PREBLE COUNTY —The Preble County Economic Development Partnership hosted Manufacturing Days for students from all five Preble County schools from Wednesday, Nov. 18 through Friday, Nov. 20. The students toured several manufacturing facilities in the area.
Manufacturing is Preble County’s number one industry.
Preble County Economic Development Director Brenda Latanza spoke about the importance of manufacturing locally. “The annual wage breakdown of the top five sector industries in Preble County shows that the annual payroll in manufacturing is number one, at approximately $145 million, and second to that is trade, transportation and utilities at almost $48 Million,” she said.
Some 200 seniors from Eaton, Preble Shawnee, National Trail, Tri-County North and Twin Valley South toured Silfex, Henny Penny, Bullen Ultrasonics, Dow Chemical, Neaton Auto Products, TimkenSteel, and Pratt Lewisburg Corrugator, and the local companies had an opportunity to show their facilities to possible future employees.
Students also experienced a hands-on lab at the Sinclair Manufacturing Training Lab in Eaton, and attended a lunchtime presentation from the instructor and students of MVCTC’s RAMTEC lab.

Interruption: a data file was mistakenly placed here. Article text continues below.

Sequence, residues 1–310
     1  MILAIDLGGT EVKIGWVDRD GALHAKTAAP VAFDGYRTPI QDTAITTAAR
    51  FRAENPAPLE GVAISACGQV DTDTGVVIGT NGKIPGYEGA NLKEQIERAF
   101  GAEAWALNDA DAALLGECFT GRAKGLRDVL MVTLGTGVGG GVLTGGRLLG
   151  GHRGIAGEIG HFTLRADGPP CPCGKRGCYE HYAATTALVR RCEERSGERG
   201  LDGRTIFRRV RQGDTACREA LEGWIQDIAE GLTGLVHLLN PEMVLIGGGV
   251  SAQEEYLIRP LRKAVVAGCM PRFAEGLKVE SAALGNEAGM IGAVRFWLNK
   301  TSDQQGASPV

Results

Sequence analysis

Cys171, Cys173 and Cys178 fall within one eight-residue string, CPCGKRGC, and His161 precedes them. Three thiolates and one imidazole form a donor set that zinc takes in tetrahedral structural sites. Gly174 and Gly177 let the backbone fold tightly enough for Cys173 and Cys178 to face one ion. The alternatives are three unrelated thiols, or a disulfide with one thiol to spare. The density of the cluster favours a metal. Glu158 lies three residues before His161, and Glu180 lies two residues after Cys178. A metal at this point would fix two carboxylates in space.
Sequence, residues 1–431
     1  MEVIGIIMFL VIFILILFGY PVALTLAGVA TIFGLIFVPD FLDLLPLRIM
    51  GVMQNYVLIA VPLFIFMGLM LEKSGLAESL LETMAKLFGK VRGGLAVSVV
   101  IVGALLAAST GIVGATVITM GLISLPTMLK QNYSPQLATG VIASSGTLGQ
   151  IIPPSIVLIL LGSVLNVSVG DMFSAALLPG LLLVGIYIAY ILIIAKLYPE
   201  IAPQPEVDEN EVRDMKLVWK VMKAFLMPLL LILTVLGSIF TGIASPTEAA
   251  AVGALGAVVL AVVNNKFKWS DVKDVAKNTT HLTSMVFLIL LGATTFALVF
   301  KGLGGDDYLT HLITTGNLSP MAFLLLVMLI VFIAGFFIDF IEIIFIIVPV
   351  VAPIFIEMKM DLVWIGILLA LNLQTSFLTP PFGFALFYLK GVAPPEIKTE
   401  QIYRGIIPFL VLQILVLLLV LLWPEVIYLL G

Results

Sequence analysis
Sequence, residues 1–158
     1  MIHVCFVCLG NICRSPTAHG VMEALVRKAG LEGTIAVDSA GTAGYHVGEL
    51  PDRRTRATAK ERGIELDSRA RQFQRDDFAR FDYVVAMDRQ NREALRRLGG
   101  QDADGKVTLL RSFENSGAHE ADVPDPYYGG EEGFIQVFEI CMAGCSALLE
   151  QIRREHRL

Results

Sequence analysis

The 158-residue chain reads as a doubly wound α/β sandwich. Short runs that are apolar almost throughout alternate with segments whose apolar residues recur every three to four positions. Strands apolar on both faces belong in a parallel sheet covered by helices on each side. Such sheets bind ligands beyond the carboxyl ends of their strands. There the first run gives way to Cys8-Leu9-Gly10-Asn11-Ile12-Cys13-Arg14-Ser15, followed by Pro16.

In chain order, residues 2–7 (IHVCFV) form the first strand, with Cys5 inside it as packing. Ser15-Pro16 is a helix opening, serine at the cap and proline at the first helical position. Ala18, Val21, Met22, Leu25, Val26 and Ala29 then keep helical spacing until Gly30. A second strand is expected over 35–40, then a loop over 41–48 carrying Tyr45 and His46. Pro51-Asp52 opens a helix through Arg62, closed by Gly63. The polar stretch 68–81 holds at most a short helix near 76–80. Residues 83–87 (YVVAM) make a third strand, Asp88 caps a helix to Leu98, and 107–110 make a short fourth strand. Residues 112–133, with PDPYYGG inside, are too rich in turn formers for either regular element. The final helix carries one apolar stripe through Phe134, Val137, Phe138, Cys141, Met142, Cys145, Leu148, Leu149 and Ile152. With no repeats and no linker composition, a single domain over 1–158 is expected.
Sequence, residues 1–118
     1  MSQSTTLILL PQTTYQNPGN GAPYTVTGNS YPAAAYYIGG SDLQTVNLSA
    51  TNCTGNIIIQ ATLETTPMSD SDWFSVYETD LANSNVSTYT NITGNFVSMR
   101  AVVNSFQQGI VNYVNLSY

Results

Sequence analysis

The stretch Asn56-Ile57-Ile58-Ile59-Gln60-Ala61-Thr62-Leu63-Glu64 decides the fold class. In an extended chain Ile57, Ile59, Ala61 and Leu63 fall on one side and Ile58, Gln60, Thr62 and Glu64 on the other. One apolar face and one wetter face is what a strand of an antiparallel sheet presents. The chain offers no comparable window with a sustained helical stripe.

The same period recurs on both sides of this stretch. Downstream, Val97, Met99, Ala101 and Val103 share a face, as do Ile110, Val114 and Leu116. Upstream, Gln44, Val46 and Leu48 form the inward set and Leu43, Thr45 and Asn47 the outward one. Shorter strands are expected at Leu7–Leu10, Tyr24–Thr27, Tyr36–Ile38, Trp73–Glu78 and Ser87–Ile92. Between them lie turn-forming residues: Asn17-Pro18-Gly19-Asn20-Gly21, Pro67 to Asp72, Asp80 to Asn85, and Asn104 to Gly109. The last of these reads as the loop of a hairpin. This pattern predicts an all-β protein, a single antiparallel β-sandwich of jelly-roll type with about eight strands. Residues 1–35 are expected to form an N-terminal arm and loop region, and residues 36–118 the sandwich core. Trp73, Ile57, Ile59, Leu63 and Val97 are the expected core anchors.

“This gives manufacturers the opportunity to begin to address the skilled workforce shortage they face,” Latanza said of Manufacturing Days.
The day also gives students a chance to seek out alternative paths after college.
“The students learn more about the products these companies produce,” Latanza added. “They also discover what types of opportunities may be available, and what type of training or education they may need.”
According to Latanza, the days are also an opportunity for employers to speak directly to students and address any confusion about what a career in manufacturing means. “It helps address common misconceptions about manufacturing by giving some of our local manufacturers an opportunity to open their doors and showcase, in a coordinated effort, what manufacturing is and what it isn’t.”
“Manufacturing is about skills and the highest combined salaries and benefits of any industry in the U.S.,” Latanza said.
She added, “This is an effective way to feature the importance of manufacturing in our economy and to draw attention to the many rewarding, high-skilled manufacturing jobs locally.”
After completing the days, students filled out an evaluation which asked them to rate several questions regarding the activity, including whether students felt more inclined to look at manufacturing as a career and whether or not students felt manufacturing is “better” than what they originally believed.
Reach Austin Schmidt at 937-693-4062 or on Twitter@aschmidt_RH.
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